• Another image of MARTIN MONTE À L’ARBRE by [PARIS - JARDIN DU ROI.]
  • Another image of MARTIN MONTE À L’ARBRE by [PARIS - JARDIN DU ROI.]
  • Another image of MARTIN MONTE À L’ARBRE by [PARIS - JARDIN DU ROI.]

MARTIN MONTE À L’ARBRE Jeu de Société. L. Saussine. [n.d. but

ca. 1880-1900.]. Chromolithograph decorative lidded box, 405 x 320 x 50mm; interior divided into three compartments, the larger containing three large chromolithograph playing boards, each with a sliding graduating scale on which the bear can slide, the two side compartments containing a pink cotton drawstring bag of bone tokens, two card ‘faux crocodile skin’ die shakers and two bone die; some signs of wear to all three playing boards, with some minor loss of paper in places, all three somewhat browned and aged; with mounted rules on the inside lid; in the original decorative box, with chromolithograph scene mounted on upper lid depicting the Jardin de Plantes, with a large group of spectators looking down into bear pit, lid a little darkened and soiled, with some darkening and soiling around the edges, some slight scuffing and loss of paper to base, some edge-wear as to be expected; an appealing complete example of a rare and fragile item. A striking game of chance, though very much of its time, ‘celebrating’ the famous bears of the Paris Jardin du Roi. A speed race comprised of three playing boards, each player chooses a bear - either Martin, Coco, or Lebernois, and taking turns to throw the dice moves their bear up the graduated ‘pole’ according to the numbers thrown. Like all games of chance, players risk landing on forfeit squares, printed in red and green, which will force either a return to the start, or to slide several places back down the pole. The first to the top (40) wins and claims the stake pot.
The game is similar in style to another Saussine production, ‘Jeu du Mat de Cocagne’ another race game, this time carnival based and racing three male climbers up a greased pole. The present game was reissued during the 1920s.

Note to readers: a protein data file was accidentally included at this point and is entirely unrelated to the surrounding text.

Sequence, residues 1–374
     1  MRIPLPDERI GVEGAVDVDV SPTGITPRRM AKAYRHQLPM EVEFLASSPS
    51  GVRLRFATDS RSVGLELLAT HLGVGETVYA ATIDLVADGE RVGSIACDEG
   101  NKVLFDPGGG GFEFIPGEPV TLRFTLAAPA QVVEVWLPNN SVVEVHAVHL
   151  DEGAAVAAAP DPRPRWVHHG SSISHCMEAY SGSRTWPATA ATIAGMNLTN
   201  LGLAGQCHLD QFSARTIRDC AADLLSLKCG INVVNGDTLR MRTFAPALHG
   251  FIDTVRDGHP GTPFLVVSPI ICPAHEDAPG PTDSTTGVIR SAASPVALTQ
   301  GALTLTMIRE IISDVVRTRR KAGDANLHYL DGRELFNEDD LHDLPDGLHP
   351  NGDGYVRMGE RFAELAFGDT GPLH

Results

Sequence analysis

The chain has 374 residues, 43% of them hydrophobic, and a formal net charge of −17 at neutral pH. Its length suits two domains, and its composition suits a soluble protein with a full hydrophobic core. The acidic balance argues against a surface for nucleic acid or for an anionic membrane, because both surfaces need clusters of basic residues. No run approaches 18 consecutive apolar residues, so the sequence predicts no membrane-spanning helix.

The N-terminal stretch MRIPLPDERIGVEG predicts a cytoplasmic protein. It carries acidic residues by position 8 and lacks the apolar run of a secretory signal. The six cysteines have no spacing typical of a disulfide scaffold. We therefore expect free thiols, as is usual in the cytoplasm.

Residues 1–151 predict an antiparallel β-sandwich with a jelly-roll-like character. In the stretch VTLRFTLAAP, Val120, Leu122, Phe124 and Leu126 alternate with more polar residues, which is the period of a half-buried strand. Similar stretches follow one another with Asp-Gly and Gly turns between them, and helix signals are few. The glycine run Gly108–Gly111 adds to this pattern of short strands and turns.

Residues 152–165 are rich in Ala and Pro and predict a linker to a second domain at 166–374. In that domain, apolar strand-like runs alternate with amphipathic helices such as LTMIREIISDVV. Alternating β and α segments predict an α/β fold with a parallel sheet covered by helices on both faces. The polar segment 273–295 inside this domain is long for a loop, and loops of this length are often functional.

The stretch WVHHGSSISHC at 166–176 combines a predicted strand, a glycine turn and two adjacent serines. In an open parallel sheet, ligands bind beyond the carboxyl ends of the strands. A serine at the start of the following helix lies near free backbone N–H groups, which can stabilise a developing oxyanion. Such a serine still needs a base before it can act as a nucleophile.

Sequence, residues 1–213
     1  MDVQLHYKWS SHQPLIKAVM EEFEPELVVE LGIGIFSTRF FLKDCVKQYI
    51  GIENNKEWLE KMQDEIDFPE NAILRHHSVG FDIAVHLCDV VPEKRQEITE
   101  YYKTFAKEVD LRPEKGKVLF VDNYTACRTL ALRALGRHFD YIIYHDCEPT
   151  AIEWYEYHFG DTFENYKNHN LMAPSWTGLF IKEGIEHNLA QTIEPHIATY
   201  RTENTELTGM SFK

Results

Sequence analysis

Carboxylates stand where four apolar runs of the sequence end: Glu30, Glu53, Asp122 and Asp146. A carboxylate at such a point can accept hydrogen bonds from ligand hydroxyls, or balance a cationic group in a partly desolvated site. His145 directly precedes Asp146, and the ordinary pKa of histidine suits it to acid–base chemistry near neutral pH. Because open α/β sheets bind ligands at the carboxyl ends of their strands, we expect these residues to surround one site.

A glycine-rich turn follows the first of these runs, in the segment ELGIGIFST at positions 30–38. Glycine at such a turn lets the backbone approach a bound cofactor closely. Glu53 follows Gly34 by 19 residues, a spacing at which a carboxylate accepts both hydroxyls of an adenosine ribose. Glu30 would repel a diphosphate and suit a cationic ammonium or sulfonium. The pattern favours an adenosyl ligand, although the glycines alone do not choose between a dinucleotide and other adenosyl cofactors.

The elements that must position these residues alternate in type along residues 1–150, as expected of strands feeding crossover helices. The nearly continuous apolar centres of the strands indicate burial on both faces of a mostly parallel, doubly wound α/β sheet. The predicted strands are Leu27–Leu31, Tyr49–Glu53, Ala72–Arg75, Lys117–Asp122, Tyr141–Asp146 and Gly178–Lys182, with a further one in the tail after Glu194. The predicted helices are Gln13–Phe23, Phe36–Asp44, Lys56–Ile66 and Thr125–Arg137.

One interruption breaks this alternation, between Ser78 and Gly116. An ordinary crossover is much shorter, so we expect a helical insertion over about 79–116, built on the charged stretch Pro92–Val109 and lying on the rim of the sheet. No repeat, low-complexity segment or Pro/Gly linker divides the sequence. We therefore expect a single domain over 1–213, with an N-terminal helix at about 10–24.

The Muséum d’Histoire Naturelle in Paris was famed not only for its collections, but for its ménagerie located within the botanical gardens of the Jardin du Roi. Formalised in 1794 after the revolution, guide books for the museum and the gardens soon became popular, published regularly, and which took visitors on a walking tour of the various notable attractions, including cages of ‘ferocious beasts’, an aviary, a monkey gallery, the famous rotunda housing large herbivores, including giraffes and elephants. Bear pits were first created in 1805, and early residents were confiscated from bear trainers, and soon gained a reputation for their ferocity, after two visitors (in 1814 and 1820) were killed having rashly entered the enclosure. Indeed the latter incident prompted something of a public outcry, the first ‘Martin Bear’ (‘L’ours Martin’ so named after Saint-Martin, protector of the poor and ‘bear hunter’) effectively put on trial for his crime. This ‘homicide’, whilst treated by some as a legitimate crime, also became the focus of various parodic pamphlets, putting humanity itself on defence for wrongly ‘oppressing’ others of Martin’s kind, who were only acting according to nature. These tragic incidents nevertheless helped to create public sympathy for the bears, and they became a popular attraction, entertaining generations of families through both their antics and ferociousness. As the present end of the century games suggests, they were still a major attraction, the animal collection seen as a positive way to broaden the horizons of Parisians and those from further afield.

Bibliography: See Paula Young Lee ‘The Curious Affair of Monsieur Martin the bear’, Journal for Eighteenth-Century Studies Vol. 33 (no. 4) 2010.

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